A: Absolutely, I think it’s done two things. First, it has pushed back the impact of a large number of people from getting affected. Second, it allowed India to prepare a little better. We were not prepared to handle something of this nature. Frankly, neither was any other country. But other countries have bigger, more effective healthcare systems, we do not. So, for us, to be able to prepare hospitals for Covid-19, this time was necessary to organise all that. But it’s not the time yet to balance both. Studies have shown that the curve has started flattening when countries have been shut down for 59 days on average. On May 3, when we plan to open, it will only have been 40 days of shutdown.

Q: Do you believe there is a need for a phased exit plan from the lockdown? Already, there has been easing of certain lockdown regulations, MHA has come up with a few guidelines. Do you think those should be expanded? Also, can manufacturing start with the movement of labour back to the places they were working?

A: Three things need to happen right now. One, we cannot fully open yet, that is quite clear. Parts of India, green zones, economic activity should be encouraged there. Both in services, retail and manufacturing. I can’t understand why after allowing e-commerce companies to deliver non-essentials, we’ve shut it down again. You have to encourage parts of it to open, whatever is possible, which is low-risk, should and must open, that is an essential requirement. What you have to remember with manufacturing companies, especially in the areas of textiles, automotive is that there is a big linkage in the entire value chain, from retail, distribution, wholesale, manufacturing to suppliers of components to the manufacturing companies, all of the value chain needs to reopen for it to be effective. Otherwise, you cannot manufacture in a vacuum, it has to be done in a phased manner. Because it cannot be done right away, there is an essential need for a support package to come in addition to the monetary and the fiscal packages that have already been announced.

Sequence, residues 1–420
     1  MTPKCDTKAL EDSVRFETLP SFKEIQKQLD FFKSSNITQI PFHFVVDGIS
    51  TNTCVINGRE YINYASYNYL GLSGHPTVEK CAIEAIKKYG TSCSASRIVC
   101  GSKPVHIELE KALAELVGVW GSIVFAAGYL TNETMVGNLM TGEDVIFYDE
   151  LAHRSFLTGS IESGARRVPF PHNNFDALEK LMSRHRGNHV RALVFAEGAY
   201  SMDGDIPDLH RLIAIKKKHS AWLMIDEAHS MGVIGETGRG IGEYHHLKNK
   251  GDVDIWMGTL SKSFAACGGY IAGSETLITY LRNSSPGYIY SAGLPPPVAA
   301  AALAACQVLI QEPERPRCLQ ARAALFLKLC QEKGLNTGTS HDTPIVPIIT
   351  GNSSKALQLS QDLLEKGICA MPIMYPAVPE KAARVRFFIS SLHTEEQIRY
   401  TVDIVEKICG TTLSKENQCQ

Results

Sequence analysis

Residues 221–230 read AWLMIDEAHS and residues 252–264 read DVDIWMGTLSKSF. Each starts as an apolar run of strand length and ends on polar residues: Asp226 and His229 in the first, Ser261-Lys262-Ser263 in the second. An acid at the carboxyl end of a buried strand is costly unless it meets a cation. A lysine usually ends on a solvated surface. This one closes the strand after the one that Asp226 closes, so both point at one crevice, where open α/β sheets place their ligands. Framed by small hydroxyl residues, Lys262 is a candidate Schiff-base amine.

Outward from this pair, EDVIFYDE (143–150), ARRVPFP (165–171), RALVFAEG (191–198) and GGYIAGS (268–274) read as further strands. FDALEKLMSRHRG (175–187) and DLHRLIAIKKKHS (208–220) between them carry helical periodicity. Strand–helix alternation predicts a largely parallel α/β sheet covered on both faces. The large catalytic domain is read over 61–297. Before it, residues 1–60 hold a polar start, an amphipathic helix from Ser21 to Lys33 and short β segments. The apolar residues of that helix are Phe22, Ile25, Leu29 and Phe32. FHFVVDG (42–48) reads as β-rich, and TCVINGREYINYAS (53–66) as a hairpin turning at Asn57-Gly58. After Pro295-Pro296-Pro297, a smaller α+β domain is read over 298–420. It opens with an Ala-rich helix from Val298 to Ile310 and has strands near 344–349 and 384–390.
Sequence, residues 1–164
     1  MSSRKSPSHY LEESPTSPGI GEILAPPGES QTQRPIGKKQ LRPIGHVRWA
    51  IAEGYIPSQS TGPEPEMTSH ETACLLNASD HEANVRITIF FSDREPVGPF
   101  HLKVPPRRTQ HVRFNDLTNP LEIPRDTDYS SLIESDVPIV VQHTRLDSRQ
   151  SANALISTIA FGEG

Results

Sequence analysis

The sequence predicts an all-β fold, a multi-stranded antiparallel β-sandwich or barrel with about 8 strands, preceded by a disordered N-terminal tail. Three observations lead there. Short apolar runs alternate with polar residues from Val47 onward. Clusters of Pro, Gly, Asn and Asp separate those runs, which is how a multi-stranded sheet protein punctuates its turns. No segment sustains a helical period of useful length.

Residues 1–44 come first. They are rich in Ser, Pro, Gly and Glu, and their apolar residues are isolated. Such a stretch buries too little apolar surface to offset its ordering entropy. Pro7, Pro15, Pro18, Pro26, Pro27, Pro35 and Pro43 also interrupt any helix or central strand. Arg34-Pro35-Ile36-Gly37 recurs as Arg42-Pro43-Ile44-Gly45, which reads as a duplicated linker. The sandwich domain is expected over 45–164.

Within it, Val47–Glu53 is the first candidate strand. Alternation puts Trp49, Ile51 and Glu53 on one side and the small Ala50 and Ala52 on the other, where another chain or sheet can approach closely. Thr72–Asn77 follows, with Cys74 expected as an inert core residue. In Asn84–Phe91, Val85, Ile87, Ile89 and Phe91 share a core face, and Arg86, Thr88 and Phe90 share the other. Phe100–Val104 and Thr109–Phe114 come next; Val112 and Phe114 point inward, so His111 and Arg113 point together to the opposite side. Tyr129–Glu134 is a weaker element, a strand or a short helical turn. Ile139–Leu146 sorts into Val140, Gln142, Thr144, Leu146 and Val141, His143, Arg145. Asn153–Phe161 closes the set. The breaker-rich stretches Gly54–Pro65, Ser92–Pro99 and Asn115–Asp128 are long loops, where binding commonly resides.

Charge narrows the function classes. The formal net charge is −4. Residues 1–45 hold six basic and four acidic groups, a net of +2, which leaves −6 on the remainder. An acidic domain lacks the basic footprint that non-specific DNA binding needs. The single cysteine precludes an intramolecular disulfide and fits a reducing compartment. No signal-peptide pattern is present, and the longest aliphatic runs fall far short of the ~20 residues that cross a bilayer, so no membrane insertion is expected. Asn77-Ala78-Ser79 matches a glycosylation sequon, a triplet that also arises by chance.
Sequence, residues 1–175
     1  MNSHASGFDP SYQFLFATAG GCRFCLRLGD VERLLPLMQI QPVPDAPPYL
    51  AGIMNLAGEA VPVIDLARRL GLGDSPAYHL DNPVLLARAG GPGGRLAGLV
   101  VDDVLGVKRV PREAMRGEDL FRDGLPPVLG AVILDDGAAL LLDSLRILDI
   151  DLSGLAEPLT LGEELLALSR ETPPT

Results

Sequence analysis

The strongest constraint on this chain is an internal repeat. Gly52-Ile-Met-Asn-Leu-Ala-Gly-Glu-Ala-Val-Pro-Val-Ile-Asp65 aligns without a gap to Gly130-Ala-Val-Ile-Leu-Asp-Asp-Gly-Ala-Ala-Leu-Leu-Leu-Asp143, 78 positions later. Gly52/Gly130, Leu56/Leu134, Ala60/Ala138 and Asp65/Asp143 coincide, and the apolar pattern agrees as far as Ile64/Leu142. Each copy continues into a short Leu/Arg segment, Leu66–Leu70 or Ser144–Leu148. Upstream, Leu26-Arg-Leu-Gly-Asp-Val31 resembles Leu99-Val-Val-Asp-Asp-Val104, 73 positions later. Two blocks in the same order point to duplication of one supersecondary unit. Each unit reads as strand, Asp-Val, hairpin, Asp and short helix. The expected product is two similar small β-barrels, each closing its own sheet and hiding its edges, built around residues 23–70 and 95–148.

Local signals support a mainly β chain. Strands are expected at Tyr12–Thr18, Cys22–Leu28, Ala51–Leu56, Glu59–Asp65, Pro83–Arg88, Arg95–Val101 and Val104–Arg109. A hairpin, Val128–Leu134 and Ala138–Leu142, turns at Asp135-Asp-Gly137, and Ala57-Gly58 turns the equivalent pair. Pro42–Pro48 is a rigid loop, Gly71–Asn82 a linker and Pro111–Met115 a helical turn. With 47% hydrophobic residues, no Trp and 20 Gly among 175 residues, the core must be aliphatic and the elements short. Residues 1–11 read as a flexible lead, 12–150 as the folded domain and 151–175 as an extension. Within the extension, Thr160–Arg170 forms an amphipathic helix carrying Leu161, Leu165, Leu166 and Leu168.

Q: Do you believe this support package then should be announced as soon as possible? Or should the government wait a bit? Second, which sectors need this stimulus package the most?